The goal of this series of articles is to diminish the stigma of mental illness through sorting out fact from myth.
Hollywood films, — such as Alfred Hitchcock's "Psycho," Jim Carpenter's "Halloween" series and Christopher Nolan's "The Dark Knight" — headline stories in the news of violent acts perpetrated by a few with major mental illness, and inflammatory statements by politicians provide a dangerous distortion of the facts.
An example of political misinformation comes from The Washington Post on Jan. 1, 2016, where Juliet Eilperin quotes House Speaker Paul D. Ryan's email, in regards to preventing violent acts such as those at Sandy Hook Elementary School in Connecticut, "... Our focus should be on the consistent causes of these acts — mental illness and terrorism..."
Films, news articles and political posturing that villainize persons with mental illness deepen the stigma, adding to the suffering already experienced by those with a brain disorder. A person with schizophrenia no more asked for his/her symptoms than did someone with diabetes or glaucoma.
Stigma and violence foster each other. It isn't unusual for those who are stigmatized to experience hurt, frustration and anger. People on the fringe, due to any factor that marginalizes them, have less stake in maintaining the current order of the society in which they live. Is it possible that a percentage of the violence attributed to mental illness may be more accurately accounted for by marginalization?
Even so, those with mental illness are not by-and-large violent people. Contemporary research shows that: 1.) The majority of violent crimes are not committed by those with major mental illness; 2.) Persons with major mental illness are more likely than the general population to be victims of violent crimes; and 3.) Of the approximately 5 to 10 percent of violent crimes committed by people with major mental illness, the majority of those crimes are committed by people with poor insight, who are abusing substances and are not in treatment.
It is true that a higher percentage of those with serious mental illness are likely to engage in violent behavior than those in the general population. This fact speaks more to the reality that we have unsatisfactory resources to treat persons with mental illness, our current tools don't adequately address those who refuse treatment due to lacking awareness of their own condition, and funds are disproportionately allocated to build prisons when we need hospitals. Tending to these details will weaken any association between mental illness and violence.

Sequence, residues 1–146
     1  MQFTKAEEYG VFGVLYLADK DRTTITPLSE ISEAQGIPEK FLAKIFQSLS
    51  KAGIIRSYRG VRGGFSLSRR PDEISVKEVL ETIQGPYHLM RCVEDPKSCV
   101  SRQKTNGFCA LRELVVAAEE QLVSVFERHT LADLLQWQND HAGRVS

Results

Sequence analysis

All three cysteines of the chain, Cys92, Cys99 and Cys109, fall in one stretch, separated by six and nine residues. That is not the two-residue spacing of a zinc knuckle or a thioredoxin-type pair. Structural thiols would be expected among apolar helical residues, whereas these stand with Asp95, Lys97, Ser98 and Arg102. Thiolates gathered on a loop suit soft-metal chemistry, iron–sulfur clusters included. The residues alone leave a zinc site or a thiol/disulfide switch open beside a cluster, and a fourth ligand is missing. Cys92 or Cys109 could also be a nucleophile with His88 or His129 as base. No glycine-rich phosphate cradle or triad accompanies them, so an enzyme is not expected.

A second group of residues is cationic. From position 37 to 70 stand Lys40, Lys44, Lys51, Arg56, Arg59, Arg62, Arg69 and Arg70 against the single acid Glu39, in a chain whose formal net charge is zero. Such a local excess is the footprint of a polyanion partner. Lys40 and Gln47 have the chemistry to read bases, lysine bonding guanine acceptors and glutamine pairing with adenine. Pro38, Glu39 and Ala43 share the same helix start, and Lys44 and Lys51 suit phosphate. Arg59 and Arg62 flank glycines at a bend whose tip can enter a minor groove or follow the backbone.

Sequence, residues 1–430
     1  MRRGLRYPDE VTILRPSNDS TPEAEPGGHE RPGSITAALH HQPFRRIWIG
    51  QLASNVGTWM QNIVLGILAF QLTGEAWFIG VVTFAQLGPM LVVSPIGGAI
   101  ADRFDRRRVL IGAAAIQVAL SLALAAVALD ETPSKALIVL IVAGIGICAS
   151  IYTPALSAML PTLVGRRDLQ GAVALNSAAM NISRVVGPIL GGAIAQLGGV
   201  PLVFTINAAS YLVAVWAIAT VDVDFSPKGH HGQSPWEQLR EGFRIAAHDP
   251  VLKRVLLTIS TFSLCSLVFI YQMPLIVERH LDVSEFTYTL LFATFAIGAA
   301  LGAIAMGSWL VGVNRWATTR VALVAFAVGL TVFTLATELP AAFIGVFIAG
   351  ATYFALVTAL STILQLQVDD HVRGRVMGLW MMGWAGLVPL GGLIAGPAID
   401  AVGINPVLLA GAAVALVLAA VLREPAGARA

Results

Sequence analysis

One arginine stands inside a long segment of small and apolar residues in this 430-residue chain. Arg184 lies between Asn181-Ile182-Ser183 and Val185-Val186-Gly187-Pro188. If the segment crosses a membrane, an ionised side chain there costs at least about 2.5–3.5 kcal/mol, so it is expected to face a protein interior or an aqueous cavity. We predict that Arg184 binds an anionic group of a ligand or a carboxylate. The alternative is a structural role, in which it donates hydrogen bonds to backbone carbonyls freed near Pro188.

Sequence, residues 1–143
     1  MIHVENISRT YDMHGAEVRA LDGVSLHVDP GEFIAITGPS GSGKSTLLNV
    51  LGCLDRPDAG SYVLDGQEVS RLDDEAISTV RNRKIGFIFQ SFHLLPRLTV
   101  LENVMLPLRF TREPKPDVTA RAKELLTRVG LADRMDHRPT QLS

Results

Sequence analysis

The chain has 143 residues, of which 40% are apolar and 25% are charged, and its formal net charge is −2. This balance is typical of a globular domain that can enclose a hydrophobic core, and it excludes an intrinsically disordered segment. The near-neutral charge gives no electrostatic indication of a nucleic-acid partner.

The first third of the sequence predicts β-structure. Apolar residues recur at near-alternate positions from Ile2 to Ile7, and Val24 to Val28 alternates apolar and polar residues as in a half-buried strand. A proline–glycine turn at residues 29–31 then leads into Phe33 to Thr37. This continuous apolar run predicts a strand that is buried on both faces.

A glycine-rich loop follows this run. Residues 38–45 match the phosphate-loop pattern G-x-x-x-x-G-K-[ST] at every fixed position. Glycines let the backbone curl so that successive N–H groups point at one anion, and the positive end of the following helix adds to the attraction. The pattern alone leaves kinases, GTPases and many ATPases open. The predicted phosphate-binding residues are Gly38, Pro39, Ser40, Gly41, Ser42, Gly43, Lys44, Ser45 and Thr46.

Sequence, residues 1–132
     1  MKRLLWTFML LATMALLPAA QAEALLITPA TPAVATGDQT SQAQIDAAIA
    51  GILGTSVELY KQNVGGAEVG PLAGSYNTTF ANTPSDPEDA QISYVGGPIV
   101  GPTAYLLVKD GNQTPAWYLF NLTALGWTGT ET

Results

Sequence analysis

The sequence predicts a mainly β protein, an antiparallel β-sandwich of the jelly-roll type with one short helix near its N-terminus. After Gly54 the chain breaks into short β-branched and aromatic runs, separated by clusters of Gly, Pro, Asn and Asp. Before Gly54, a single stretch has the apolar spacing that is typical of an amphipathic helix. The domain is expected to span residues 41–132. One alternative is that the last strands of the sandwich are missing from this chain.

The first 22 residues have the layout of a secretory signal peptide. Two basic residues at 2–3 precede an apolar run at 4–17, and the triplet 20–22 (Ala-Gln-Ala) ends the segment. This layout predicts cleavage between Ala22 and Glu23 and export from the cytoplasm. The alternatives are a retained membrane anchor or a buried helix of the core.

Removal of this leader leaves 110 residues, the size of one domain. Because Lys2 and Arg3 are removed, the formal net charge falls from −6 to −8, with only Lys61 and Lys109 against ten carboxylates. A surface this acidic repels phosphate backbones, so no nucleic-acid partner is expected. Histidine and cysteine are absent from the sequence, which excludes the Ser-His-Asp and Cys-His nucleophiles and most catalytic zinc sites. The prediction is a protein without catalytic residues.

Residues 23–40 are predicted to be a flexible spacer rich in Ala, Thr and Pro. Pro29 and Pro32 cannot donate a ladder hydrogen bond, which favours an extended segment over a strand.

Taking away guns from those who have mental illness would do little to decrease gun violence in the U.S. According to Louis Beckett's interview with Dr. Jeffrey Swanson in ProPublica, June 10, 2014, if one was to remove, "all the risk associated with mental illness ... contributing to people killed by gunshot wounds in the last 10 years ... 95 percent of the reduction would be from suicide. Only 5 percent would be from homicide." He goes on to say, "Mental illness is a strong risk factor for suicide. It's not a strong risk factor for homicide."
Thus, suicide, often associated with depression, is the main reason persons with mental illness should not have guns. And since we are all at risk for depression, and many suicides occur in persons with undiagnosed depression, perhaps gun ownership should be severely limited for this reason alone.
The focus on guns and mental illness misses the point when the combination is thought to be a large reason for the violence in our communities. This being said, a focus on research and effective treatment would help to lower the risk of gun violence and suicide in those suffering from mental illness. A well-treated person with mental illness with a gun is at much lower risk of committing violence than is an untreated person without a gun. This is not to argue in favor of guns, but simply to point out that being a mentally ill citizen is one matter and whether or not anyone is at risk of gun violence is another.
As long as we use persons with mental illness as responsible for begetting the ills of society, so do we again avoid solving the problems that face us.
Carolyn Sacco, RN has worked as a nurse in psychiatry since 1985, with people in hospital, clinic and home settings. Jeffrey Geller, MD. MPH is professor of psychiatry at the University of Massachusetts Medical School. He also works treating people in the community and hospital.